The drug testing issue once again came into play, with Mayweather requesting no more than a 14 day cut-off period before the fight, while Pacquiao’s camp insisted that testing be finalized. Following Pacquiao’s agreement to Mayweather’s demands, however, rumors began to circulate that “Money” was beginning to live up to his moniker by insisting on a bigger split of the purse (a 50-50 deal had been seemingly agreed to by both sides in the past). Bob Arum, negotiating on the behalf of Pacquiao, set a deadline for Mayweather to accept the terms by July 17, but was met with no response. Signs pointed to a miscommunication between camps, perhaps even turbulence between Mayweather and Golden Boy Promotions, with whom he had a working fight-by-fight relationship. But no matter the circumstances, it became apparent that lightning had indeed struck this deal down twice.

The turmoil and ugliness was not over, however. Shortly after Pacquiao had agreed to return to Cowboys Stadium to fight Antonio Margarito on the November 13 date, Mayweather took things up a notch in a recorded rant as he broadcast live on the popular website Ustream. Amongst other things, he referred to Pacquiao as “Poochiao”, as well as “midget”, mentioned that he would “cook that little yellow chump”, and said that after disposing of him he would have Pacquiao “make me a sushi roll and cook me some rice.”

Harsh criticism soon followed as members of the media and boxing community alike categorized Mayweather as a racist due to his seemingly anti-Asian remarks regarding Pacquiao. His father Floyd Mayweather, Sr., speaking with “On The Ropes” Boxing Radio on September 9, 2010 addressed the situation openly and candidly.

“He did nothing wrong. He ain’t said nothing wrong,” Mayweather told hostess Jenna J. “The whole thing is, you look on the internet and you will catch me on there. I was talking about him. I ain’t got no respect for him. I called him a bitch on there. He’s a little faggot whore. That’s what he is. You think I’m going to take that back? I said way more than he said.”
Shortly after Mayweather, Sr.’s comments aired, Mayweather, Jr. was arrested and booked on a charge of grand larceny related to an incident with Josie Harris, his ex-girlfriend and mother of two of his children. According to ESPN, Mayweather was alleged to have beaten Harris and stolen her cell phone, and was later released on $3,000 bail.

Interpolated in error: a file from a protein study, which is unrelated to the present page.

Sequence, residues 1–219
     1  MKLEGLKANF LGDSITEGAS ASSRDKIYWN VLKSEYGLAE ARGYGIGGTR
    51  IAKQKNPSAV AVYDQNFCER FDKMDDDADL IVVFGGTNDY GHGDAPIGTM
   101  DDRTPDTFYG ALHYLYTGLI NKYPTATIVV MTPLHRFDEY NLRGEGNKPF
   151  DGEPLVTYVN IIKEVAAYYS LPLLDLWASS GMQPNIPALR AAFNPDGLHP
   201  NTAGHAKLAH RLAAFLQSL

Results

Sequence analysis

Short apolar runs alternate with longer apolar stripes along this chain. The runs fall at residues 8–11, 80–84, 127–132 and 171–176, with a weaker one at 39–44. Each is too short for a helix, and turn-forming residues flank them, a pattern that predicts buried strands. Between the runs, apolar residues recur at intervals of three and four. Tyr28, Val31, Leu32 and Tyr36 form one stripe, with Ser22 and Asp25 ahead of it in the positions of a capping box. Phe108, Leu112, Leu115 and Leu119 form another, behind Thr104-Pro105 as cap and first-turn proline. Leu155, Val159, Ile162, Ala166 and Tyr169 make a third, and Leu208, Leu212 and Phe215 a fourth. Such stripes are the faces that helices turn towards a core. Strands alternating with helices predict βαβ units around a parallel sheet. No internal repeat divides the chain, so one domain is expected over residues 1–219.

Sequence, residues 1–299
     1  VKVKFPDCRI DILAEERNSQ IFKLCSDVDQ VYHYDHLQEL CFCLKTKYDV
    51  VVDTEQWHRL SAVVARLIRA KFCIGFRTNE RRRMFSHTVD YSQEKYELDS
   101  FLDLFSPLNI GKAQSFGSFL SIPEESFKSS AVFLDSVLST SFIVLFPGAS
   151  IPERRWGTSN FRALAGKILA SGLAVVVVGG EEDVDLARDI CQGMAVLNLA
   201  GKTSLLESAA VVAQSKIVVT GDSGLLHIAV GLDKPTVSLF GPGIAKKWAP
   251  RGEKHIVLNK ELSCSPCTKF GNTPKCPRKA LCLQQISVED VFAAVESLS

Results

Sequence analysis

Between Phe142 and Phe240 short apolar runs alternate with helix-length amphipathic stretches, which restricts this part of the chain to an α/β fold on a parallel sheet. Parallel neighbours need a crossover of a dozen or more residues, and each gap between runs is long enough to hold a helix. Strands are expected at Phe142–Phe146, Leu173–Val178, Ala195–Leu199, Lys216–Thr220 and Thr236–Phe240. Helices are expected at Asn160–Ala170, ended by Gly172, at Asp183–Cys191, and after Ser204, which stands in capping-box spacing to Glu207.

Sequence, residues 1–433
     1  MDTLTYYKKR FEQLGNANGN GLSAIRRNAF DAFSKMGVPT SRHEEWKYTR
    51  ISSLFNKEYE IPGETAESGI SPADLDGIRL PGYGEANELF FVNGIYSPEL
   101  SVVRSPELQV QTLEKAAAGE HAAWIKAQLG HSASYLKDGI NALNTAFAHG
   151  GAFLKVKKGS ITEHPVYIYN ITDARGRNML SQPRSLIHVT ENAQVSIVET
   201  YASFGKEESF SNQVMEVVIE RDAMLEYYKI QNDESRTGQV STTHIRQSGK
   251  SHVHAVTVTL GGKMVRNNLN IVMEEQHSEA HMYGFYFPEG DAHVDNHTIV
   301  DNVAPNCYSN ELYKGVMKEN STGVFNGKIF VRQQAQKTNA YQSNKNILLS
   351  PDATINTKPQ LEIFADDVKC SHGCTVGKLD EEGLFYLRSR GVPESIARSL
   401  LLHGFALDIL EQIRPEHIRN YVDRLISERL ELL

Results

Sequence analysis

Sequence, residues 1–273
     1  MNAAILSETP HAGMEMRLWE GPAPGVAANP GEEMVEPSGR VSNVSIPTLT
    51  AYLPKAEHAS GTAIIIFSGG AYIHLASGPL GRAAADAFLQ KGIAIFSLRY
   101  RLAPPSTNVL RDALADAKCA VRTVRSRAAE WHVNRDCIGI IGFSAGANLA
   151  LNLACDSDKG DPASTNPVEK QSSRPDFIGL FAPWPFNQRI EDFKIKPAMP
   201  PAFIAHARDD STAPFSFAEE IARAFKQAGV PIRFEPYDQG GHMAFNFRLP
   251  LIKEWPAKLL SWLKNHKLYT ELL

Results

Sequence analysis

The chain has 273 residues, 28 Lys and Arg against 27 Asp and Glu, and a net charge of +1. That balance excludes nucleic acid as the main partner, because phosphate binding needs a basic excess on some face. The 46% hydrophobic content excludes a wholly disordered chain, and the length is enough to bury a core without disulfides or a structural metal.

Mayweather is scheduled to appear in court on November 9 to face eight charges total, including one for misdemeanor domestic battery and three for harassment, which if convicted on all counts could land him in jail for up to 34 years, as reported by USA Today. The publication also makes note of Mayweather’s uncle and head trainer Roger Mayweather facing his own legal troubles just over two weeks beforehand, stemming from an incident where he reportedly punched and choked female boxer Melisssa St. Vil, whom he had previously trained.

With Mayweather’s pending legal troubles and Pacquiao’s upcoming fight and political obligations in the Philippines, all signs point to the mega-bout never taking place. However, should Mayweather avoid jail time just days before Pacquiao has the opportunity to add Margarito’s name to his ever-expanding resume, the doors re-open for both fighters and their teams to negotiate for a 2011 date. The bevy of media attention already given to the proposed match-up in the past, alongside recent national coverage of both men can only point to the fight being as big, if not bigger, than ever. As they say, the third time’s a charm, right?

“The intellect is always fooled by the heart.” - Francois de la Rochefoucauld

Article posted on 24.09.2010